What’s the gender ratio like in your industry? Do you see it evolving?
As far as staff at my job, we have many more women in the special needs field and are always struggling to find male staff to hire as counselors for the summer. It’s frustrating, since we have many more male campers than female campers due to the nature of diagnosis. [Editor’s note: in 2018, the CDC determined one in 37 boys are diagnosed with an autism spectrum disorder; in comparison, one in 157 girls are affected. While genetics are thought to play a role in causing autism spectrum disorders, some evidence does point towards significant underdiagnosis of girls, because socialized gender traits can mask characteristics of the disorder.] I would love to see this develop, and I think it will as more and more men are exposed to the rewarding work of nurturing, and stereotypes fall by the wayside as we become a more progressive society.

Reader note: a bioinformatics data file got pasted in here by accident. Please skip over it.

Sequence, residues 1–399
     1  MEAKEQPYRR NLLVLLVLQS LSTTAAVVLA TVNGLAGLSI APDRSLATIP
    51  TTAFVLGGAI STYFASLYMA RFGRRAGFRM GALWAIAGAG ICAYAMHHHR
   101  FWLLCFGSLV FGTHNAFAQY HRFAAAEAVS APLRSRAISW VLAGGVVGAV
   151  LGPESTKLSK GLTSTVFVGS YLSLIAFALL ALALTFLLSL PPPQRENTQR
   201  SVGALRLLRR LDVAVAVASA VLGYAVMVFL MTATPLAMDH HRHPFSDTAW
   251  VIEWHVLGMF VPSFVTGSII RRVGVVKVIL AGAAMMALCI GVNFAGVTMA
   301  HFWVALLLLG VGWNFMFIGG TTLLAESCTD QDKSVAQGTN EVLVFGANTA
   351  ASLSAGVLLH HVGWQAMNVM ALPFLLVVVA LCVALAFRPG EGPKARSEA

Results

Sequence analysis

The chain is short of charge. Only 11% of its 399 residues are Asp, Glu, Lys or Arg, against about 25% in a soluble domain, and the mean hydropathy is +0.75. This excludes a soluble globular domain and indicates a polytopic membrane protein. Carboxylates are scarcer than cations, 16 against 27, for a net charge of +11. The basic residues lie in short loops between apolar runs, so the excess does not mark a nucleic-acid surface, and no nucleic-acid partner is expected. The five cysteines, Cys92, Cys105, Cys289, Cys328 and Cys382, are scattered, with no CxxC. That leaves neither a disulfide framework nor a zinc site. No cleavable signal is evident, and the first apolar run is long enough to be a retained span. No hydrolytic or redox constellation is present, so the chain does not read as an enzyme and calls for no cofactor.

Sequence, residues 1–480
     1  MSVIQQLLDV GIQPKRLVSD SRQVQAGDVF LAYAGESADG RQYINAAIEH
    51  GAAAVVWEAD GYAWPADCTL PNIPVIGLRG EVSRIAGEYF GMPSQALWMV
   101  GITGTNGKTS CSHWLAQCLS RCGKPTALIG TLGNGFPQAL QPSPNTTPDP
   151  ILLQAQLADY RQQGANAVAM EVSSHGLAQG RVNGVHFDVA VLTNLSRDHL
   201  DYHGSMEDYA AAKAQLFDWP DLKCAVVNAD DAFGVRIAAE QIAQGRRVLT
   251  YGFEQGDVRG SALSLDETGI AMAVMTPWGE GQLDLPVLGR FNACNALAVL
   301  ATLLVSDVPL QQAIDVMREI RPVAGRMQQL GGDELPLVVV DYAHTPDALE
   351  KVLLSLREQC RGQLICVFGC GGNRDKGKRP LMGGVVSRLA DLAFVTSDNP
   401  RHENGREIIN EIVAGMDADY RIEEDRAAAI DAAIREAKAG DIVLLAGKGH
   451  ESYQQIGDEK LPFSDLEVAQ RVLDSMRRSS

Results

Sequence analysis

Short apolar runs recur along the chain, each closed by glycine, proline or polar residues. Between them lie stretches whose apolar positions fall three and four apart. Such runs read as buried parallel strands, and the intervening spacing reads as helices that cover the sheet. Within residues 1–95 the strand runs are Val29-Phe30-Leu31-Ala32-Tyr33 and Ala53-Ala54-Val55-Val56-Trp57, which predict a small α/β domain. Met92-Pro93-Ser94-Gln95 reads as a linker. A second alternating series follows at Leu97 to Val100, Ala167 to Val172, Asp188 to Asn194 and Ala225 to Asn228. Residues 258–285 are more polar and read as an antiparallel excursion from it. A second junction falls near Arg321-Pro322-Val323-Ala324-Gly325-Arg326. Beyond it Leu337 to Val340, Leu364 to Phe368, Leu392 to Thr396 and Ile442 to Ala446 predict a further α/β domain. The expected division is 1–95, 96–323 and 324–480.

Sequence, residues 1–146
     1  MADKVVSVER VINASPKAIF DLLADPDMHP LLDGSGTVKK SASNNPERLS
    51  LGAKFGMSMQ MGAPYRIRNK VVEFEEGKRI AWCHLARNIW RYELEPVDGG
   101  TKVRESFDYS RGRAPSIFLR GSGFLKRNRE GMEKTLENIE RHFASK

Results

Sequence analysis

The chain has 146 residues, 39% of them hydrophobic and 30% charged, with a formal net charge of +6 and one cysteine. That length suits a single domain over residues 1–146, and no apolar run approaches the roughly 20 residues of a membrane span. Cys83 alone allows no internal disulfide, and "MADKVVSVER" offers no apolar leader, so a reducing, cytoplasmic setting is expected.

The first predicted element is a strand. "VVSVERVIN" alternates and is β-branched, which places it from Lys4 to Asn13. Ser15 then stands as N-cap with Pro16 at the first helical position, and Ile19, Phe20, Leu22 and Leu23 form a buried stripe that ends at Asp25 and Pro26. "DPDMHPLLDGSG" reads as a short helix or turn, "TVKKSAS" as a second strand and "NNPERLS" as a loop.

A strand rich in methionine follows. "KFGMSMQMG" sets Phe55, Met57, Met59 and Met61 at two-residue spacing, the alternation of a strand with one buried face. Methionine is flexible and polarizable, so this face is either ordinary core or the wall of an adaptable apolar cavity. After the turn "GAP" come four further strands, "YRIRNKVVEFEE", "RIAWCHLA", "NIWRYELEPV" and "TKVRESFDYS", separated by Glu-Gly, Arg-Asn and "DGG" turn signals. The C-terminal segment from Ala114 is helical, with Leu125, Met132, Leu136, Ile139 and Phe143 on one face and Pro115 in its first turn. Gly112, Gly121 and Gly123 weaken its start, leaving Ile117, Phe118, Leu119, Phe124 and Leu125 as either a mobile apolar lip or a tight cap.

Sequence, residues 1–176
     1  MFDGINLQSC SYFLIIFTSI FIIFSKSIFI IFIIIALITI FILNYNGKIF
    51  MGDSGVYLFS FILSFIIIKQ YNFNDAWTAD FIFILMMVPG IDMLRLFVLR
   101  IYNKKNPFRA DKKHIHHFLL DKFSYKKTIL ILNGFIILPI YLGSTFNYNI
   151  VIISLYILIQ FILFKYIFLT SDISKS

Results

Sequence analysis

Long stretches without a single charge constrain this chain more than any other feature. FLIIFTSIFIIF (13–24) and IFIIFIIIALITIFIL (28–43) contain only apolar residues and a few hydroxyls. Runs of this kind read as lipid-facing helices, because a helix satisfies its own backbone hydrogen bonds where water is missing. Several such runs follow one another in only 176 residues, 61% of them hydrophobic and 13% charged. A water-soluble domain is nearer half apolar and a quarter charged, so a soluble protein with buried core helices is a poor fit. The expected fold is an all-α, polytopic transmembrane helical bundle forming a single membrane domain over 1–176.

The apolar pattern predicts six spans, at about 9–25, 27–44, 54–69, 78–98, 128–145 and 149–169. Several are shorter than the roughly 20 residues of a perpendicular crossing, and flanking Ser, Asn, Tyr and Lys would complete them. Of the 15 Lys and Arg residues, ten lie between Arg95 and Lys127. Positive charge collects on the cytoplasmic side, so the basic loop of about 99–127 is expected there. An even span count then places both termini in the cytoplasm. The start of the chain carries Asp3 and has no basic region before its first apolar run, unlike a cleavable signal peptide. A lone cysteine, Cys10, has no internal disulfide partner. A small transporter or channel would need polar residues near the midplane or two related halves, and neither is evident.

What’s one of the biggest obstacles you’ve faced in your work?
Becoming overwhelmed with the amount of moving parts that must happen all at once to keep the proverbial “machine” oiled and going. I’m constantly reminding myself to prioritize and take deep breaths, and remember in the grand scheme of things it will all workout and be OK.
What’s your biggest strength in your role? What would you say is the skill you most need to improve?
Energy and patience is my biggest strength in my role as the travel director. A skill I need to improve is delegation among the staff, as I often put a little too much on my plate that others are very willing to help with.
Are you involved with any other side projects?
I volunteer with Best Buddies, a peer mentorship program for special-needs individuals. I also love to visit my music therapist friend’s “Jam Sessions” she holds at the University of Miami for people with special needs to express themselves through the art of music.
Career and/or life advice for other babes?
Take time for yourself. Women in our industry are so passionate and driven that they often let self-care fall by the wayside because we are so busy nurturing others. I always say, you must take care of yourself before you can take care of others. The turnover rate and level of burnout is a direct correlation to failure to take time for you.